Tony Abbott Under Pressure as Climate and Business Groups Denounce 'Expensive' Direct Action Policy
By Reissa Su | July 7, 2014 6:11 PM EST
Prime Minister Tony Abbott's Direct Action policy may be more expensive than buying carbon permits. Australia's Climate Change Authority has advised the Abbott government that it would be "cheaper" to achieve the country's carbon emissions reduction target by purchasing permits overseas as part of climate change policy.
Australia's Prime Minister Tony Abbott (L) at the New York Stock Exchange June 10, 2014. REUTERS/Brendan McDermid (UNITED STATES - Tags: BUSINESS POLITICS)
According to reports, business groups continue to pressure the Abbott government to consider the use of international carbon permits to improve Australia's chances of meeting its reductions target of 5 per cent on 2000 levels by 2020.
In what could be the Climate Change Authority's final report since Mr Abbott wants it scrapped, the organisation said meeting Australia's international target using only domestic means, as proposed in the Direct Action policy, is deemed more experienced.
The report also advised the Abbott government to reduce the tax burden and become more competitive by implementing domestic emissions reduction polices and buying of international permits. According to its evaluation, the Climate Change Authority said the government can spend a fifth of its proposed $2.5 billion budget for the Direct Action plan and buy enough international permits to achieve its emissions reduction target of 19 per cent by 2020.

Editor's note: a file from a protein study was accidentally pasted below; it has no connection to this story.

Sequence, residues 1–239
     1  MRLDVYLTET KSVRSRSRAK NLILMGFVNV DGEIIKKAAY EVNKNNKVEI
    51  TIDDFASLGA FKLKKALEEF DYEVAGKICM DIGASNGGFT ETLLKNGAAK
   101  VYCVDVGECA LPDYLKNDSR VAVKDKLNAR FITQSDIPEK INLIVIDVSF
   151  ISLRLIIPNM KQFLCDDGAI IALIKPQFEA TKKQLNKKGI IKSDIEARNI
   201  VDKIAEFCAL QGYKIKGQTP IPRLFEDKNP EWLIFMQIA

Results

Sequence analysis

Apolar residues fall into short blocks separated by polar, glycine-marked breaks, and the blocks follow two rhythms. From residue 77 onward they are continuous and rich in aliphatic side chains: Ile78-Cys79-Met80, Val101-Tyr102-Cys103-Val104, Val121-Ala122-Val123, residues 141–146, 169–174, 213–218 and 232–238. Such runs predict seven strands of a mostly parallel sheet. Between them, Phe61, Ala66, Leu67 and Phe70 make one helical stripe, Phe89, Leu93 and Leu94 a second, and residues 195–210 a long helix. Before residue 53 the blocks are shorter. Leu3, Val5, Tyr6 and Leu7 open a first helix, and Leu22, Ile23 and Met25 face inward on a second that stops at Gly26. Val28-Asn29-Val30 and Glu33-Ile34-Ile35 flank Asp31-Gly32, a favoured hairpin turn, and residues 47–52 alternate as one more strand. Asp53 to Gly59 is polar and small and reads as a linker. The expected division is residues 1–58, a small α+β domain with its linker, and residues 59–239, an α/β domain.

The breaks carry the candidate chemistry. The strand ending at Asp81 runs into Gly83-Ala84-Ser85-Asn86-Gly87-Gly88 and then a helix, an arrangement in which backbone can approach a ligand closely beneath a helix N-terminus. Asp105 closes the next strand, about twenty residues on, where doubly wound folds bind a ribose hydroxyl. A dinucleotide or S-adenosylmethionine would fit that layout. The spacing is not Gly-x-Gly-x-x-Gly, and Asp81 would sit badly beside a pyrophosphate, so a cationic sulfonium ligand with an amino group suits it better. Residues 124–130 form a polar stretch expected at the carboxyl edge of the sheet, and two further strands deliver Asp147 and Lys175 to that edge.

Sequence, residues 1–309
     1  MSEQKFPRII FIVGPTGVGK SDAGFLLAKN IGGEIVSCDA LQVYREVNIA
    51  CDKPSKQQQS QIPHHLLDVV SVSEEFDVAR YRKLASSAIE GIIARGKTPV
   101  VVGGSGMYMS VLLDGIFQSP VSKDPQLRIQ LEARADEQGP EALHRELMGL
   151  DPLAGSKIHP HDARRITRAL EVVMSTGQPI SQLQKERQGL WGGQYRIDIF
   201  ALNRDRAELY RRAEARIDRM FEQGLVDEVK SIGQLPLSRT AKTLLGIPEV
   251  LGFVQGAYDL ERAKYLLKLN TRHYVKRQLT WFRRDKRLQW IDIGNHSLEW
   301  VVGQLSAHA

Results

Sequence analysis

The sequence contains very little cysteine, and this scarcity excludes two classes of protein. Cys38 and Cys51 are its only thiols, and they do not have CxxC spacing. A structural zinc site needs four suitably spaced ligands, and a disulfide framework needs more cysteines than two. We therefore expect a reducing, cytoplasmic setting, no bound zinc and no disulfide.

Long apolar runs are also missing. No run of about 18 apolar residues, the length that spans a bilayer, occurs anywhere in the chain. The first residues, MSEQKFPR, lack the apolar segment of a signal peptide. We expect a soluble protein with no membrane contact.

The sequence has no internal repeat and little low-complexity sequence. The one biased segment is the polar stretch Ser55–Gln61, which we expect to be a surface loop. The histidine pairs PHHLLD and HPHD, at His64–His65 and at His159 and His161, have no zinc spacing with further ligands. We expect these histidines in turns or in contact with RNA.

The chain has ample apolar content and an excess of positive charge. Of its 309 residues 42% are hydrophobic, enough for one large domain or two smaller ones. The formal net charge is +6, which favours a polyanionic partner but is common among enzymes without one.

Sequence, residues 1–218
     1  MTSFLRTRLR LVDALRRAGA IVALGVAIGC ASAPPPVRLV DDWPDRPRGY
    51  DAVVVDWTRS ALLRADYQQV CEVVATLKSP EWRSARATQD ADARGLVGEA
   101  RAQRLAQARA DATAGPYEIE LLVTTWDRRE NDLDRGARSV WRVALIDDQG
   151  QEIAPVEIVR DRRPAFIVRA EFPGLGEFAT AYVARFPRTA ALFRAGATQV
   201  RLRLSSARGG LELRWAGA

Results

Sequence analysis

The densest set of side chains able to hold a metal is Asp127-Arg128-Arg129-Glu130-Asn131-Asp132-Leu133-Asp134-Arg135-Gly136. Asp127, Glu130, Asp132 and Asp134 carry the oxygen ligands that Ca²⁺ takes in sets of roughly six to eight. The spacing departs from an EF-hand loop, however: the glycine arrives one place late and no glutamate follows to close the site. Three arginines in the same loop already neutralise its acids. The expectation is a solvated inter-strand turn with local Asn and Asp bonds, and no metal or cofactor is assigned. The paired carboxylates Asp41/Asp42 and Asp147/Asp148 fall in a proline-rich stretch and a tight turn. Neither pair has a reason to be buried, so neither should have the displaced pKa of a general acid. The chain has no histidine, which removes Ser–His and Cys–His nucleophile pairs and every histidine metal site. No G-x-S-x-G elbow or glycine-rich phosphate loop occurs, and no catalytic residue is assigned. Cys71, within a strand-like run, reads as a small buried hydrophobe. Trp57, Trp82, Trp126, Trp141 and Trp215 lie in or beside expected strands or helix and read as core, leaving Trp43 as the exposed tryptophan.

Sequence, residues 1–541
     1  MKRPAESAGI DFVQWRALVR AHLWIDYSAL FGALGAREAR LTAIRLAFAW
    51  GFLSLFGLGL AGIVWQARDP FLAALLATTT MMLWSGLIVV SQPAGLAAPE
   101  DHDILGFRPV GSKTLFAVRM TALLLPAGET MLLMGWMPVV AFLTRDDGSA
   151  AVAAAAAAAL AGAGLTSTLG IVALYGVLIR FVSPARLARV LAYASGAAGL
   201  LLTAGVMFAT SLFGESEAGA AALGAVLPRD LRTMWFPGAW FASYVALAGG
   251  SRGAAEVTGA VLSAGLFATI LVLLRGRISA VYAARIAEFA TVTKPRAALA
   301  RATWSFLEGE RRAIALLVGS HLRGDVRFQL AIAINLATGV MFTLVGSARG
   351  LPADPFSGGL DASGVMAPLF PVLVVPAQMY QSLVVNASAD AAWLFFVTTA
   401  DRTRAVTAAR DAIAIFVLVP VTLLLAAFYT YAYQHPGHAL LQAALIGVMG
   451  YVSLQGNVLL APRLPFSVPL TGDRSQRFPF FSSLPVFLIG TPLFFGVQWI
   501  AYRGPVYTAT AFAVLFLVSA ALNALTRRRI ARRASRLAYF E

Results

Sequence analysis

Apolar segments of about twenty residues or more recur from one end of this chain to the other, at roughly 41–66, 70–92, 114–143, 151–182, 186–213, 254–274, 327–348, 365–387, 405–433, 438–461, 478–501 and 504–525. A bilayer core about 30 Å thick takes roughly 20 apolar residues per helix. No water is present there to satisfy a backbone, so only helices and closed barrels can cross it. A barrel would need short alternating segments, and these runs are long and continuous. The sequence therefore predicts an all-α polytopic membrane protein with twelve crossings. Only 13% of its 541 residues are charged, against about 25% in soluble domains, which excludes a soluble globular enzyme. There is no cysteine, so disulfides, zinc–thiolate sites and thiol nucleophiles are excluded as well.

Reputex, a major carbon market analysis firm in Australia, said the Abbott government's proposed Emissions Reduction Fund is not enough to meet the country's target of cutting emissions to 5 per cent below 2000 levels by 2020. When Australia misses its mark, it will also fail to meet its commitment under the Kyoto Protocol.
The report also revealed that Mr Abbott's Emissions Reduction Fund (ERF) will fall short when it begins in July with the government already facing a shortage of more than 300 million tonnes.
In a statement by Climate Institute CEO Joe Connor, he said that Mr Abbott's carbon tax repeal will amount to a subsidy of $15 billion to major carbon emitters. He said the repeal of carbon laws will be a "shattering and historic loss" that will not hold companies accountable for their own pollution. He said Mr Abbott's proposed Emissions Reduction Fund does not amount to a "credible, sustainable or effective climate policy."
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